Bosnian refugee honored with award for valor
Merzudin Ibric has overcome much in his young life.
As a youngster he fled his homeland, war-torn Bosnia, in 1998, settled in Revere, attended Phillips Academy and then Wheaton College, where he attained All-America status on the track and in the classroom. Today, he is an activist against genocide and works for the US government.
Last Tuesday, he was one of four individuals honored with an Award of Valor from the Eastern Collegiate Athletic Conference at its annual fall convention in Hyannis. The award, established in 1985, recognizes student-athletes whose “courage, motivation, and relentless determination serves as an inspiration to all. . . . Recipients exemplify strength of character and perseverance deserving recognition as being truly triumphant.’’
Ibric is truly triumphant.
When he landed in America with his parents, plus two brothers and two sisters, he knew just two words of English — OK and bye — words he picked up watching Hollywood movies like “Rambo.’’
Before fleeing Bosnia, though, he lived through a war that eventually claimed more than 100,000 lives, including an uncle. He rummaged for food, endured squalid living conditions, and saw his father and sister seriously wounded by shrapnel.
Yet sports — particularly soccer — helped Ibric bridge the communication gap. He starred at Revere High, attracting the attention of college recruiters, and landed at Phillips thanks to his academic excellence. At Wheaton, he caught the eye of coach Marc Mangiacotti, who steered him to the track program. There, he earned national championships and All-America honors in the 400 meters, and on the 4 x 100 and 4 x 400 relay teams. Mangiacotti nominated Ibric for the ECAC Award of Valor and the NCAA Inspiration Award. That winner will be announced next year in San Antonio and Mangiacotti believes Ibric is a strong contender.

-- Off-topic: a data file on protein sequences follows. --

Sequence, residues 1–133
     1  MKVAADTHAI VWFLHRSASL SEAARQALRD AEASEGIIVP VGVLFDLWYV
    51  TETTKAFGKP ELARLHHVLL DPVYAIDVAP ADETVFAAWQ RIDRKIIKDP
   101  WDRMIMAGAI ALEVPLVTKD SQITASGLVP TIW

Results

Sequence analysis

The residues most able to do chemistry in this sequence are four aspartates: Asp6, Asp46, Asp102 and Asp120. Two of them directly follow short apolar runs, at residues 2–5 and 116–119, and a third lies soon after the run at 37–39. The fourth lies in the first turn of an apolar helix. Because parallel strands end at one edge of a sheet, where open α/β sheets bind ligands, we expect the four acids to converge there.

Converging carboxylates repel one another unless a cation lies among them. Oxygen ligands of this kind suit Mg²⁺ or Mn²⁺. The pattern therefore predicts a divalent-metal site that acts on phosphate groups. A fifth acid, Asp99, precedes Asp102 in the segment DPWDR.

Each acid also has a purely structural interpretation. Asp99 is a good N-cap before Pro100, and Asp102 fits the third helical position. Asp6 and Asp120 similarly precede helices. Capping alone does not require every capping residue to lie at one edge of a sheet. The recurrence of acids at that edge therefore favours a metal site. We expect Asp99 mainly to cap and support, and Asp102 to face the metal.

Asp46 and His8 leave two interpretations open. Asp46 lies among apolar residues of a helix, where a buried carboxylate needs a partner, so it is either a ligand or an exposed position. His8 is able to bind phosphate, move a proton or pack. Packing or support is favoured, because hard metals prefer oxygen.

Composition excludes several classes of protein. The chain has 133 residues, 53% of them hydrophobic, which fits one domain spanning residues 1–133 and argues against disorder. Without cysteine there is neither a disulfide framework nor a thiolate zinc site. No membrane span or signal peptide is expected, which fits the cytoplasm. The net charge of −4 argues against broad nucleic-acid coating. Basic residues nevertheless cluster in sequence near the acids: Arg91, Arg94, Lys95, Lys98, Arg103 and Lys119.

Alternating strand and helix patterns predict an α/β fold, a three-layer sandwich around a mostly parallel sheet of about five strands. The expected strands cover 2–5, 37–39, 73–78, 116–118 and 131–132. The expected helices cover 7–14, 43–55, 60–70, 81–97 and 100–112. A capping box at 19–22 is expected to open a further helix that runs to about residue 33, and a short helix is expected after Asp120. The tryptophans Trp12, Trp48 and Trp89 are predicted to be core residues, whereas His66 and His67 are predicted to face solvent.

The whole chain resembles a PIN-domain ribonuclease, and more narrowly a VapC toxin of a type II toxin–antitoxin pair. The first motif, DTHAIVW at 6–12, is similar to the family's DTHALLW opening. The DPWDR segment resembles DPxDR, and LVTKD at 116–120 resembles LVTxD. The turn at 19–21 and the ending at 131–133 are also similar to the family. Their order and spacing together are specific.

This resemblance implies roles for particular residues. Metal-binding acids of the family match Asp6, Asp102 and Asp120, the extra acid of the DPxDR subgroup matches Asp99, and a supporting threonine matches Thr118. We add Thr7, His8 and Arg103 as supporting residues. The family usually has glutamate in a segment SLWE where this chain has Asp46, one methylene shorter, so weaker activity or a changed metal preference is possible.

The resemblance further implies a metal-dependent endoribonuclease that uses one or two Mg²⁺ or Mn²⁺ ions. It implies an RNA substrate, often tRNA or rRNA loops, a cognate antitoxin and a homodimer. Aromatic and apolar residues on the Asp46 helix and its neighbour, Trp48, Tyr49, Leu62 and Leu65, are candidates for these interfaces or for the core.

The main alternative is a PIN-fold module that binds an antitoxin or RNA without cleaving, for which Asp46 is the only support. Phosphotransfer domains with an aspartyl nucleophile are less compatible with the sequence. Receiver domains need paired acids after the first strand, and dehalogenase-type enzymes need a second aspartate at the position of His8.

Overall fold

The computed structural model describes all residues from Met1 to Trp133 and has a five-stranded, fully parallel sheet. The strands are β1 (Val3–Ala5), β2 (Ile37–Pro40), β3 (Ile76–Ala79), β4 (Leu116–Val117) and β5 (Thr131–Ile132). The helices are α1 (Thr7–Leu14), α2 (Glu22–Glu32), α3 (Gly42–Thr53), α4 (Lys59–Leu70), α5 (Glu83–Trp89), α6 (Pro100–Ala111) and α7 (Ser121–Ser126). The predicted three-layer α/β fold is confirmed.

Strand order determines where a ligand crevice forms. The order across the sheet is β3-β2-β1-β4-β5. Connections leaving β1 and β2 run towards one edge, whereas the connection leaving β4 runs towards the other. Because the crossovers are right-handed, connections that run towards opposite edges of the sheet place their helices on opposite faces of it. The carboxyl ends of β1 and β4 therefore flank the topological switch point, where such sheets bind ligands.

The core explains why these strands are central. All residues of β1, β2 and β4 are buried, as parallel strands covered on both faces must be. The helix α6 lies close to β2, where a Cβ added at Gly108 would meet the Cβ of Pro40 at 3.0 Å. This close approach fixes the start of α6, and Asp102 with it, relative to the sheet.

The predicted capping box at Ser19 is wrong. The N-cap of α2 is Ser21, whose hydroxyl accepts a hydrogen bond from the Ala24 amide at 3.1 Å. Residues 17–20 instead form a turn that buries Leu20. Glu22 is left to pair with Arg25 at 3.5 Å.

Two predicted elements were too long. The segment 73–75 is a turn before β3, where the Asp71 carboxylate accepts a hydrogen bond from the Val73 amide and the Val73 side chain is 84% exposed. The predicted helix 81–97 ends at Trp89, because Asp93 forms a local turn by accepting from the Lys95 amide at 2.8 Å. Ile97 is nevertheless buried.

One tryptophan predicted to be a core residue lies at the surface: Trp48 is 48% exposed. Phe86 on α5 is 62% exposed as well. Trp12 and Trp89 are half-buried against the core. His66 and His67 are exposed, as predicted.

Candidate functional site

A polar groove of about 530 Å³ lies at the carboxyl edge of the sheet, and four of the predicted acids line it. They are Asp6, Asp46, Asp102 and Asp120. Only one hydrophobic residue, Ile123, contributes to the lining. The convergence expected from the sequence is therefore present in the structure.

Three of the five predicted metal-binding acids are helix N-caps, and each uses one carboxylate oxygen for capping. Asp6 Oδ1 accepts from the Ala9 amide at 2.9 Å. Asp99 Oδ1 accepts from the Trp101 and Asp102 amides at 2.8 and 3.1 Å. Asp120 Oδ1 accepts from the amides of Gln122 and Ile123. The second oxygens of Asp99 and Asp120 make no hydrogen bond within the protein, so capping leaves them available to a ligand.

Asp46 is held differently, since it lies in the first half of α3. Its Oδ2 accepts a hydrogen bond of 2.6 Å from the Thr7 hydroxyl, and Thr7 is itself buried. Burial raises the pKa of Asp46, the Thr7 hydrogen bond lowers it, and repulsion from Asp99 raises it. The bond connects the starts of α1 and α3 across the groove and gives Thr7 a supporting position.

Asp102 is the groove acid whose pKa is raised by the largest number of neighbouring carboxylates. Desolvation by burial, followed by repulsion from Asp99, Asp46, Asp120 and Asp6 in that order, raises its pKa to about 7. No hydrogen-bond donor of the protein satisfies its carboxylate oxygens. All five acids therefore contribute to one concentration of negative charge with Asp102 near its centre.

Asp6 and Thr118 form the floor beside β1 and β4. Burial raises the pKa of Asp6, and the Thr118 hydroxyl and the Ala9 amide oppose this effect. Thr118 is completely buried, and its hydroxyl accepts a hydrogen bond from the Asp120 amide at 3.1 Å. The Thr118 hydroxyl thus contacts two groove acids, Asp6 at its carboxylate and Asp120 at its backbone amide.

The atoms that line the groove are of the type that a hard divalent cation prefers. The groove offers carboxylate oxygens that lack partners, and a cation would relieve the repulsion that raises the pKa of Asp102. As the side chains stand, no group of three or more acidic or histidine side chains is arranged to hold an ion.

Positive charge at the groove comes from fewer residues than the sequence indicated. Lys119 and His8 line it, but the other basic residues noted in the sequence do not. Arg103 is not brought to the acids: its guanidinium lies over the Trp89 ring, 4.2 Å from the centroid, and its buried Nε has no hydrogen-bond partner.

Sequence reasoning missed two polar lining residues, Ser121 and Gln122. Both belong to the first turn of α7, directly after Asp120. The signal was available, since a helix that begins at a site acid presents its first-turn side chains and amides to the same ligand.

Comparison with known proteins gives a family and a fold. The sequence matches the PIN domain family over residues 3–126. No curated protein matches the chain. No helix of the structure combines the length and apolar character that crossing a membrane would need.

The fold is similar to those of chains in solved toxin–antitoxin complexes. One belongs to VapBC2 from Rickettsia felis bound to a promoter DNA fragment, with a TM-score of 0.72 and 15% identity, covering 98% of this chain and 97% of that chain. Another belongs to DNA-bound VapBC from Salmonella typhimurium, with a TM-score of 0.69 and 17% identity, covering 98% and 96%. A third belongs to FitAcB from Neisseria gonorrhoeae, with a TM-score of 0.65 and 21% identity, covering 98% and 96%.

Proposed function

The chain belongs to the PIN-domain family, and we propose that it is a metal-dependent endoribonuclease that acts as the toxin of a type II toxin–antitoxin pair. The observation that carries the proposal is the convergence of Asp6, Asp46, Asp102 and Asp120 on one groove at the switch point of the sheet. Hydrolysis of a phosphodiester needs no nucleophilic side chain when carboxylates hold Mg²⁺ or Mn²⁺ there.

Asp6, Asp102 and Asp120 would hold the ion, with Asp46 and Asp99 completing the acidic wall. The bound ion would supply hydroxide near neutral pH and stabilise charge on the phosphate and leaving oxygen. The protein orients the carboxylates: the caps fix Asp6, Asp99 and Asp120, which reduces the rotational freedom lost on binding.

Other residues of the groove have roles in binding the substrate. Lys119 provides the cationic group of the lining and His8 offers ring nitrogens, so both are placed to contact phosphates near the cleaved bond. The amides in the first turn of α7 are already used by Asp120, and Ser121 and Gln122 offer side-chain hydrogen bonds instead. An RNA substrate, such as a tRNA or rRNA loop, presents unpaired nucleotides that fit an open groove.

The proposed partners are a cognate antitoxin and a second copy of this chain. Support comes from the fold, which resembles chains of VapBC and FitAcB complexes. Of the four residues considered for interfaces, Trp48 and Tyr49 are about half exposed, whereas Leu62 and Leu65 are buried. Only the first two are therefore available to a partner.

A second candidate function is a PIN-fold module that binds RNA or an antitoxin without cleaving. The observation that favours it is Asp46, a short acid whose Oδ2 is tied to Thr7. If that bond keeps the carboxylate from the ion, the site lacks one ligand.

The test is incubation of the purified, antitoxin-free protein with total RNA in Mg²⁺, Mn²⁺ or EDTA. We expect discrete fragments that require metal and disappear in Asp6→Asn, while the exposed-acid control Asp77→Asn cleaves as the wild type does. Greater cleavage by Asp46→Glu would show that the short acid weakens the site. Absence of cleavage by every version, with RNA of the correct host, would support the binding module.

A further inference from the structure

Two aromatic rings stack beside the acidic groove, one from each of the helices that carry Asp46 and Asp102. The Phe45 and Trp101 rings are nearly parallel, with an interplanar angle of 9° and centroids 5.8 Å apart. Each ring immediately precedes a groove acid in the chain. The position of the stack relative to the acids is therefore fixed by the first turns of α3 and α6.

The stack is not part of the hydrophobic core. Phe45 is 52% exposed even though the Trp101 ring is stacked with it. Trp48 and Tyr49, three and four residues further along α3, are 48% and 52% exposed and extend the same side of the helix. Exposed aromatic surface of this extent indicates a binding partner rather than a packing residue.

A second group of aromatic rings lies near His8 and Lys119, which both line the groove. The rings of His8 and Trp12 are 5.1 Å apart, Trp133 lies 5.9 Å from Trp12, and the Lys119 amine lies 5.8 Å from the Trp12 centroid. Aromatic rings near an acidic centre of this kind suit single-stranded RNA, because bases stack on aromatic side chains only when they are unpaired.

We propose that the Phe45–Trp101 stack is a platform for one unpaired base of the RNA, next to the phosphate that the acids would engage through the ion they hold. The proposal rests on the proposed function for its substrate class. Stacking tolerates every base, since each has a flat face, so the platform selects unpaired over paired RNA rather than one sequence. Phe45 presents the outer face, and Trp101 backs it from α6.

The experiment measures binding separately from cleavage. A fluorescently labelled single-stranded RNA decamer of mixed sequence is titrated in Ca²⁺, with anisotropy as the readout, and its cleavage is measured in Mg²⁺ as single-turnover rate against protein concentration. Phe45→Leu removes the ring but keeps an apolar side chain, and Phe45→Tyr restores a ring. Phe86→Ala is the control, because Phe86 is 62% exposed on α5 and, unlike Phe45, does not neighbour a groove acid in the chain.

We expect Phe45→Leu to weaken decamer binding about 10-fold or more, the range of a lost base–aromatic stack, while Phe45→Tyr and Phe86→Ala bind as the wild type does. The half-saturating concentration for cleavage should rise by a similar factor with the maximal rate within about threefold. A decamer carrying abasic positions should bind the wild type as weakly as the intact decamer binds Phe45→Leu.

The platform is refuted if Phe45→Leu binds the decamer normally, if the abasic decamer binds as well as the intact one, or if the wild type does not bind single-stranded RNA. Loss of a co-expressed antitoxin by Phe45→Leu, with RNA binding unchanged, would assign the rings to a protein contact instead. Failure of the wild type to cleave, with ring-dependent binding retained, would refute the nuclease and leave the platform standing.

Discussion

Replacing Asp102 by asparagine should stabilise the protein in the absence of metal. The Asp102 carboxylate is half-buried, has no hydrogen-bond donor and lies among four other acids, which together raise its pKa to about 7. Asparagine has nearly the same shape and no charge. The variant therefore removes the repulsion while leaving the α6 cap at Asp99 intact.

Ibric “was the first person I thought of when the ECAC and NCAA asked for nominations,’’ said Mangiacotti. “Just knowing what he faced and what he overcame and the things he went through just to get to where he is now is an inspiration to everyone. His is simply an amazing story. He persevered through all the traumatic times in his life and is now giving back to people who helped him. He remembers his roots and is actively trying to prevent things that he saw from ever happening again. He is most deserving of this award.’’
Ibric, who graduated from Wheaton in May with a major in international relations, now works in Washington for the federal government, but would not divulge in what department or in what capacity.
“I was thrilled to be nominated for the Award of Valor,’’ he said. “Just to be considered was an honor. Now, to be told that I have won it is simply amazing. I am humbled and grateful.’’
Ibric has nearly completed a book, “Running For My Life,’’ which chronicles his experience of war and genocide and his fight for survival. It’s current up to his freshman year at Wheaton. Now, he says, “it’s time to start working on it again and updating it’’ to include his sophomore, junior, and senior years. It is, he says, “a story to be continued.’’
Ibric shared the Award of Valor with Keene State College grad Erin Dallas, who overcame a near-fatal tissue-eating disease and went on to have an All-America field hockey career; former Springfield College lacrosse captain Erin Doolan, who struggled with thyroid cancer yet managed to achieve All-Conference honors and graduate with his class in May 2009; and Manhattan College sophomore Kevin Laue, believed to be the first one-handed NCAA Division 1 basketball player to earn a scholarship.
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